The City of Penticton is exploring the possible construction of a green solar hydrogen production plant for use as an energy source.
Frontenac Energy is pitching its technology to the city as a partnership, hoping to open a facility in the district. They use aluminum and water through their proprietary process to create electricity through heat and hydrogen gas.
"This is very new for the natural gas industry. It is being done in other parts of North America at this time, but we'll probably be the first [facility of its kind] in Western Canada if we do it here," Frontenac VP of Business Development Steve Neill told city council at Tuesday's meeting.
Initially, the facility could provide 1 megawatt of power (enough for roughly 1,000 people) to the Penticton grid, which could be scaled up in the future, sold at a rate of $0.054/kwh, even during peak times — a potential for savings, Frontenac says, as currently FortisBC charges the city higher rates during those hours of the day.
Frontenac would also share part of the revenue from carbon credits with the City of Penticton as well.
The process also produces high-pressure steam that could be used for heating purposes at city facilities. By-products include clean water and benign aluminum oxide, the latter of which Frontenac would be recycling and re-selling to smelters.
"We don't landfill anything," said David White, Frontenac CEO and founder said.
"Think of Frontenac as a gas station and a power producer. Very low environmental impact, close to where the consumers would use the product. I think everybody would like to see the world move closer to a cleaner energy source."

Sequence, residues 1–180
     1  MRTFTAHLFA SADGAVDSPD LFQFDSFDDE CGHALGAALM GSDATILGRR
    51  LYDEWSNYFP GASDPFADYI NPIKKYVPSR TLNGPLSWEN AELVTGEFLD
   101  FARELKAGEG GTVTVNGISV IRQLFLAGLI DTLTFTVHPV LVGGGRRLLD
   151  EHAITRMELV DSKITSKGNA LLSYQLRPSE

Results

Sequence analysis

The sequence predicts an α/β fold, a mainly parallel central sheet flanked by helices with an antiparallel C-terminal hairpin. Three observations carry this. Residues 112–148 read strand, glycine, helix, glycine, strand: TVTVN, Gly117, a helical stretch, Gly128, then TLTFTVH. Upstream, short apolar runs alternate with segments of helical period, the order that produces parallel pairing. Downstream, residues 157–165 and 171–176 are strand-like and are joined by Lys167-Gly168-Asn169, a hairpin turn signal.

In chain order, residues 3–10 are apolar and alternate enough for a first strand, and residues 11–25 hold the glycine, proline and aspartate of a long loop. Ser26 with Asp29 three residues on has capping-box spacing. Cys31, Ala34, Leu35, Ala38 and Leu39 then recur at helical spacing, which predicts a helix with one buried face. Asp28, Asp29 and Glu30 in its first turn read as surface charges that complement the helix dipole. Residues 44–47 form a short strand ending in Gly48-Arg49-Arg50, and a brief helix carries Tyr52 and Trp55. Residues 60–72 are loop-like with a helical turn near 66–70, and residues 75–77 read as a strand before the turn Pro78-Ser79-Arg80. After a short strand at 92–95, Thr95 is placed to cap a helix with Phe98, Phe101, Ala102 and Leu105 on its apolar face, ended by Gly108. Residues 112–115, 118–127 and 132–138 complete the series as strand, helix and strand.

All aluminum used would be provided by the community and nearby communities, everything from aluminum pop or beer cans from the community to aluminum siding.
"Our fuel is in the local area and we just buy it and repurpose it," White explained.
"Our solution is cost competitive. We will be able to go toe to toe with fossil fuels on price. So we will stand on our own two feet as a business.We are a small company but we are good at what we do. 100 per cent Canadian owned and we're very excited to get going here in Penticton."
Frontenac representatives said many of the team members live in the Okanagan Valley, leading to the decision to pursue Penticton as their flagship. Also, Penticton is fairly unique in the province in a key way.
"It's a lot easier to deal with a community that has their own electrical utility for buying the electrical power. And in British Columbia there's only about a handful of communities like Penticton that have that ability, so it just made things a lot easier for us to deal with you as well," Neill explained.
If eventual development permits are approved by council, they anticipate an 18-month construction process. Frontenac also noted the project would come with 15-20 jobs for locals, and potential for partnership with the Penticton Okanagan College campus.
Coun. Judy Sentes pointed out at the end of Frontenac's presentation that they are not a registered company in B.C., asking when that will happen, as it adds to credibility.
"My apologies. We should have probably done it before this," White said in answer, adding they plan to register in September.
"We have spent a lot of the summer securing all our equity. So that's been our focus, which we've completed. So now we have the term sheet in hand and we have the money."
Council received the presentation for information only at this time and will be discussing the matter in more detail at future meetings.